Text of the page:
Whether you call it Resistance, the lizard brain or monkey mind, self–sabotage is always easy to come by. By creating a system that you have faith in, one based on sound principles, you’ll have something to stand on when you’re inevitably assaulted by self–doubt and negativity. Mindfully re–engage with what needs doing today. Is there writing to be done? Exercise? Relaxation or self–care? Do it. Focus on the needs of today, and let the process work itself out.
Realize that you need not engage with thoughts of frustration, fear and self–doubt. What feels important, mentally, usually isn’t. In other words, these kinds of thoughts have a sticky quality that pulls you in. You start to feel addicted to them, like you just can’t stop thinking about what a failure you are, or you’re constantly mulling over whether you’re on the right track with your plan or not. This is unnecessary and damaging to your mental health. Don’t take the bait. These thoughts sing a siren song that will destroy your momentum, if you let it. Don’t fall into the trap.
Creatively Turn Failure Into Opportunity
When things do go off the rails, as they always seem to, how can we recover? The worst thing we can do is berate ourselves for failing. This is more of the monkey mind we need to let go of. Shame and blame don’t serve much purpose except to send us spiraling out of control. So let them go.
The best thing to do with failure is get creative with it. When we get a little emotional distance from what happened, we can start to wonder why it happened at all. Sometimes it’s as simple as realizing you didn’t sleep well, had been feeling irritable all day because of it, and felt too exhausted to paint after work like you said you would. The solution isn’t to beat yourself up, but to prioritize getting more sleep in the future.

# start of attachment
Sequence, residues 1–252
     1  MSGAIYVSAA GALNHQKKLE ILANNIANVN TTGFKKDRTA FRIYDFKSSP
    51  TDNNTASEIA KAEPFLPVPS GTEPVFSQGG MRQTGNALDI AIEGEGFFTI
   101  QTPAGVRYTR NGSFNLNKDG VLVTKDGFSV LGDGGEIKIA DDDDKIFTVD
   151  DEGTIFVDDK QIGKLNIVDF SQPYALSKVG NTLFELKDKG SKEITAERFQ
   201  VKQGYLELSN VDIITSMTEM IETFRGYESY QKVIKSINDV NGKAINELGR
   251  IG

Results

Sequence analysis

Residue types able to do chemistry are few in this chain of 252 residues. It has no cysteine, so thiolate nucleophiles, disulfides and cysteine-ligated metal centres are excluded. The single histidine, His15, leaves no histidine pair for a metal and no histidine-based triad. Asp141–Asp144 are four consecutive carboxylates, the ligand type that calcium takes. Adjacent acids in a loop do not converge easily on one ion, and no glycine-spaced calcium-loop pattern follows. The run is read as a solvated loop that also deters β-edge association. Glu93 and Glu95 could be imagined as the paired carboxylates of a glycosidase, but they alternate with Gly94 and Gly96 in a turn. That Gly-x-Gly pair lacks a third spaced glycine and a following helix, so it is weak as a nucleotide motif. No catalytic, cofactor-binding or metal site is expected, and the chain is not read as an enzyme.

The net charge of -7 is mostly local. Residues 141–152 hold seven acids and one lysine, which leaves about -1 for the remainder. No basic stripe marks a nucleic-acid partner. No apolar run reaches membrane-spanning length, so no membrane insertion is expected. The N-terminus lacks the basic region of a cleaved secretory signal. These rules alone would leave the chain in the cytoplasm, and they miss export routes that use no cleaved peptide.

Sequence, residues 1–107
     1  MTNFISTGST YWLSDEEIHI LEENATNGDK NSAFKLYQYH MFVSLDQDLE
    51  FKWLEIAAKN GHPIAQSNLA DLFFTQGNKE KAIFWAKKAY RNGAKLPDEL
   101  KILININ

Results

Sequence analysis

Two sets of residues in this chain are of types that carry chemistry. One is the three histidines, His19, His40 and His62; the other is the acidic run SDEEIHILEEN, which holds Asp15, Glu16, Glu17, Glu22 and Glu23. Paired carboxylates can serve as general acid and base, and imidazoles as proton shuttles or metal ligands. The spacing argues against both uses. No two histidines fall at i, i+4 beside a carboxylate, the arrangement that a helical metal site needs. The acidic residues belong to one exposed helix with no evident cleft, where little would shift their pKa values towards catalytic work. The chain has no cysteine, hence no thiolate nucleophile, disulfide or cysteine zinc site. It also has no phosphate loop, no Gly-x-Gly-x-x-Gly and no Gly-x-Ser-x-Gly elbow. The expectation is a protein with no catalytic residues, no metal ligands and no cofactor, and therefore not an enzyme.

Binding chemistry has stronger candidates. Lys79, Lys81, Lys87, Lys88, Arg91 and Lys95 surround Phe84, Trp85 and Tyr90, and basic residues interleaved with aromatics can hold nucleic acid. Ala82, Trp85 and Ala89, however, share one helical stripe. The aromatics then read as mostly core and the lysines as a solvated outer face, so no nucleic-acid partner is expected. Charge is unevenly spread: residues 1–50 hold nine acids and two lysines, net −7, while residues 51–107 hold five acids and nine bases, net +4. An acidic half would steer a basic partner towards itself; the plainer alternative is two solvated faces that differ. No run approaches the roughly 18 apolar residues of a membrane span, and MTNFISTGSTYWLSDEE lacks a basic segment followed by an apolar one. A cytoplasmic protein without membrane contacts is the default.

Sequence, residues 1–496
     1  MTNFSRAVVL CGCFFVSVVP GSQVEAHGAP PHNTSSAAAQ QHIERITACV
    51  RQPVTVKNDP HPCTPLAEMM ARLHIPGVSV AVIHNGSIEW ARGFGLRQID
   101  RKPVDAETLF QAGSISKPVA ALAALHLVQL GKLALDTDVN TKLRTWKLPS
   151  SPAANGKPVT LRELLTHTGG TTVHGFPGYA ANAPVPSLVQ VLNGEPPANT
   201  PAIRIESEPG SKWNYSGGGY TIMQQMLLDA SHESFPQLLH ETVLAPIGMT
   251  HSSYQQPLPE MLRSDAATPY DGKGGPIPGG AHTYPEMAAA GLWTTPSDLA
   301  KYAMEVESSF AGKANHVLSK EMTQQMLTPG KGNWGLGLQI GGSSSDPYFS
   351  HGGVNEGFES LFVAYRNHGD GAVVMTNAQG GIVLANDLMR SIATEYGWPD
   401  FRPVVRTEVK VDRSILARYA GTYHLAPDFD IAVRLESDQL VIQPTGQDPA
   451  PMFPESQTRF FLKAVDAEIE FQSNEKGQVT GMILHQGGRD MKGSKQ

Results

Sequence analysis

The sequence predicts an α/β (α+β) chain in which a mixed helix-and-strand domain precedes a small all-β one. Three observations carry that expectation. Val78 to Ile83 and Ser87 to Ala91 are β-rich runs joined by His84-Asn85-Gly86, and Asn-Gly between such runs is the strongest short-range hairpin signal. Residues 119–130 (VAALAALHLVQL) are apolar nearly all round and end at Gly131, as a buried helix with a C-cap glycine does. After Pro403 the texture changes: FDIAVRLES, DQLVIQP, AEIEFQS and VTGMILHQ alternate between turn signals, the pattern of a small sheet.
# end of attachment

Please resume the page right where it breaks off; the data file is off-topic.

Environment also plays a huge role in our success. If chocolate chip cookies are your weakness, don’t buy them. Don’t keep chocolate chips in the house. Design an environment where success is inevitable, because it’s the easiest option. Your weaknesses aren’t character flaws, just bugs in the human software, to be worked around.
Failure is also a good time to re–evaluate the system we’ve set up. Maybe it needs a small tweak here or there. Is it getting us the results we want? Can we actually stick to it? Sometimes we’re just trying to push ourselves too hard. We have fallen into the trap of trying to squeeze out results faster than our poor minds and bodies can deliver. The opportunity here is to re–commit to a system that will work and is sustainable over the long haul.
Often our habits and systems are fine, we just aren’t sticking to them. And that’s where determination comes in. Grit. We get the shit kicked out of us, and we get up and start again. Succeeding at long–term goals requires a level of tenacity that few people realize. We want it to be easy. But doing anything worthwhile is not easy. We look at the long days ahead, and we want to give up. So I would simply say, again, don’t look at what lies ahead. Tomorrow will take care of itself. Focus on consistency with your habits today, and success is inevitable. It’s not easy, but it is simple.